Rich and Poor Need Tailored Strategies to Stay Healthy


By: Mari Gold

Well-to-do people eat more healthy fruits, vegetables, proteins, and unsaturated fats than poorer people, who eat more carbohydrates, according to the Prospective Urban Rural Epidemiology (PURE) study reported at the European Society of Cardiology in Munich, Germany.

PURE, which examined the diet, physical activity, and smoking patterns of 154,000 individuals from 17 countries, found that less wealthy participants expended more energy at work, at home, and during transportation. The wealthier people in all countries had a lower smoking rate.  However, differences in diet, physical activity, and smoking between wealthy and poor households were less marked among people living in urban areas than among those living in rural areas.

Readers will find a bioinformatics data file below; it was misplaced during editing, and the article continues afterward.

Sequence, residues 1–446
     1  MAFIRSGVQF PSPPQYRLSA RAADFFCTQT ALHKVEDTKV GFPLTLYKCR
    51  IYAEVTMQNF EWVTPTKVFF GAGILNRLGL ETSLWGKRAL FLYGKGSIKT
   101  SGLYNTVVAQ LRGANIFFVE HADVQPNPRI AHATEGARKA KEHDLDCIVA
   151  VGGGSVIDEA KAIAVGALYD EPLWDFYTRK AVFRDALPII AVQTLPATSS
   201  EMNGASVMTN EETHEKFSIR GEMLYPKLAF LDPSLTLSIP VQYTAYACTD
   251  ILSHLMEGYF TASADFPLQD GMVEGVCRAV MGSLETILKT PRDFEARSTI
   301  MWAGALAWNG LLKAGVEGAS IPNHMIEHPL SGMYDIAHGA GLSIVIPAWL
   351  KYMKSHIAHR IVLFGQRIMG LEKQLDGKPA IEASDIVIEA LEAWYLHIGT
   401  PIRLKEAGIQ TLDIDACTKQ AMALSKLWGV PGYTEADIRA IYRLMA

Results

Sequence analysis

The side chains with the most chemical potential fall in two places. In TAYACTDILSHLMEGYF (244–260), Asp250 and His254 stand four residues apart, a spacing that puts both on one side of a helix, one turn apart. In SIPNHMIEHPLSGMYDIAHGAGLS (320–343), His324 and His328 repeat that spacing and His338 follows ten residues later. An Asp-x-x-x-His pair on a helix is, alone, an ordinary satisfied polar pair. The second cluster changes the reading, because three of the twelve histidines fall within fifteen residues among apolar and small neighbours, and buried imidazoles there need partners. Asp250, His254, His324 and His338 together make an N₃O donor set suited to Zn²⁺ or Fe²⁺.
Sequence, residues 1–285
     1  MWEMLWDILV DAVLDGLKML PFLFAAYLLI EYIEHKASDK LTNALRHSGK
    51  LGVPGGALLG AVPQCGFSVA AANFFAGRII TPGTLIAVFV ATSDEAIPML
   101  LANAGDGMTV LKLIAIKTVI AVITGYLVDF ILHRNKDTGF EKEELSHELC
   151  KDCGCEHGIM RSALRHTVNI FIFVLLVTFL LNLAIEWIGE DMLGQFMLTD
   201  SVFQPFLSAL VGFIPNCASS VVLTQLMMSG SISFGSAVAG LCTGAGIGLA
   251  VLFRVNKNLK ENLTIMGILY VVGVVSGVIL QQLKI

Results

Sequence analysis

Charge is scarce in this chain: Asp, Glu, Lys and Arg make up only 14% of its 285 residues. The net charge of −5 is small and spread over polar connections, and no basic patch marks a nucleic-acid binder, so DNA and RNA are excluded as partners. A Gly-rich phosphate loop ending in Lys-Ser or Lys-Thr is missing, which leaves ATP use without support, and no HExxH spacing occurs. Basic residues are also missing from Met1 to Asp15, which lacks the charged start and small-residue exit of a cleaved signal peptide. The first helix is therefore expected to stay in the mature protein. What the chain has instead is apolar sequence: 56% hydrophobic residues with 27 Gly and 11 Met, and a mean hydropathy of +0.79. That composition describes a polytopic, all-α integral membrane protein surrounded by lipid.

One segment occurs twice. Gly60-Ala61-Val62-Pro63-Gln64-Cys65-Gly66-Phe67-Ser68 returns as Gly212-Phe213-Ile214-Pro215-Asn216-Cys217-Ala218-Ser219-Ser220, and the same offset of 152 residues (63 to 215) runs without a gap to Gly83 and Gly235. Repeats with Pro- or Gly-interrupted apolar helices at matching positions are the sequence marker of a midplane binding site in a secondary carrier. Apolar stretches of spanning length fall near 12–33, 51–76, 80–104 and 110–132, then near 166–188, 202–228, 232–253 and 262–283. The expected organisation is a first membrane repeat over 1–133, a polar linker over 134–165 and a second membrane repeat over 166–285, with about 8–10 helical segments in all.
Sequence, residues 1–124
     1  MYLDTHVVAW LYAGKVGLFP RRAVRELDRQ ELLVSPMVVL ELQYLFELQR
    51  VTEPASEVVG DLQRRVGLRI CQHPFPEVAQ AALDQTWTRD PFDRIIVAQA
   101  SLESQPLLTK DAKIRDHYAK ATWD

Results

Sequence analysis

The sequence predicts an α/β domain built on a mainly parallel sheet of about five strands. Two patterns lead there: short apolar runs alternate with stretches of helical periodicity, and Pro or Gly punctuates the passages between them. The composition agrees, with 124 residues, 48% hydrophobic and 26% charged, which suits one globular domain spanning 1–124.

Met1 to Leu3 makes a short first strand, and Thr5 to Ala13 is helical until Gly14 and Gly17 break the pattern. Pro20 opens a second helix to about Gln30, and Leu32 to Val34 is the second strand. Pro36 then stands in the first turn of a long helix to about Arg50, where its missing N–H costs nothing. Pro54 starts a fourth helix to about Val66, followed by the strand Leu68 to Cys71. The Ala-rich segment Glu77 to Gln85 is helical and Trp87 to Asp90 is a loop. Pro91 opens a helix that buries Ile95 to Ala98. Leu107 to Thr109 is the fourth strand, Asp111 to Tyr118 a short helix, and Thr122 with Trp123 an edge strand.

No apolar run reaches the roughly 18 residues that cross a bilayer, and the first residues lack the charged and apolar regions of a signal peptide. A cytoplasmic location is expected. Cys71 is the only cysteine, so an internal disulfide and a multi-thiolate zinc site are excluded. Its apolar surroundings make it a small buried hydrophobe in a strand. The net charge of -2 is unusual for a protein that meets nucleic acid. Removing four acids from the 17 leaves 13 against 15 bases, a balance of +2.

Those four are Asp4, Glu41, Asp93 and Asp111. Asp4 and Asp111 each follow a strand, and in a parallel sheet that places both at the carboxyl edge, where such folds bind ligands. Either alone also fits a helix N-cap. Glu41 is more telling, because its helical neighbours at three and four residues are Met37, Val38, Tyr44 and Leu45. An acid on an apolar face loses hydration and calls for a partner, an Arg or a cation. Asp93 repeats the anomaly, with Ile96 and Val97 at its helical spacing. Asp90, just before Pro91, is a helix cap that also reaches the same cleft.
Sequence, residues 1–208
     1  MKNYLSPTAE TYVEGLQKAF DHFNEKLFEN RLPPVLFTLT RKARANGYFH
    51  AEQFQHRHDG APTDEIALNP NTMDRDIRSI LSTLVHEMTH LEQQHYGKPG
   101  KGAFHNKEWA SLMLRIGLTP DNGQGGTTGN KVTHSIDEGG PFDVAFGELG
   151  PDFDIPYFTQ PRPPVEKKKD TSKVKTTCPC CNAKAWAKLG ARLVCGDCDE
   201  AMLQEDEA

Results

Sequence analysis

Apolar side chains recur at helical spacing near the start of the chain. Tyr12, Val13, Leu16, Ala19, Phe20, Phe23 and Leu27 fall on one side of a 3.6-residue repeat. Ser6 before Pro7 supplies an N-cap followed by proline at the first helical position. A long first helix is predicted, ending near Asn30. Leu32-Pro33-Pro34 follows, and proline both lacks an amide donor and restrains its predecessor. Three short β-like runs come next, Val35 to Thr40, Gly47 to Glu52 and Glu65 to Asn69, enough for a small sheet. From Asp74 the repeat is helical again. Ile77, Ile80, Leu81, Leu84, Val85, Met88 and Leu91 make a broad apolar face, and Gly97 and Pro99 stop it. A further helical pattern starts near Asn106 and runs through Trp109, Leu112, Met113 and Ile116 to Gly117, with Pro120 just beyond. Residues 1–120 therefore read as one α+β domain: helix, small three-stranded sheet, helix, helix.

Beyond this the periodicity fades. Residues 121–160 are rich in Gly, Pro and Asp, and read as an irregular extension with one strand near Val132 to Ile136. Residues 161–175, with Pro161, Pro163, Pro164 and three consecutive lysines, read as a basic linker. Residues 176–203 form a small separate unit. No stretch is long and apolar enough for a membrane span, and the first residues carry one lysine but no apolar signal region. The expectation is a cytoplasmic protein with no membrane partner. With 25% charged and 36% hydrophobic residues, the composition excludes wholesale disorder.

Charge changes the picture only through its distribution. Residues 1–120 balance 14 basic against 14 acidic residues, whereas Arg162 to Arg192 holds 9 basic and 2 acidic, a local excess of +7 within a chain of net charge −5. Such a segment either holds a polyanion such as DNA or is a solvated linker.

The takeaway?  Preventing cardiovascular disease doesn’t work with a “one size fits all” approach.  As Professor Salim Yusuf, principal investigator of the study, noted, “Policies to prevent cardiovascular disease need to focus on different aspects of lifestyle among the rich versus the poor and between rich and poor countries.” Having affordable healthy foods is an important factor for all socioeconomic groups, he observed.



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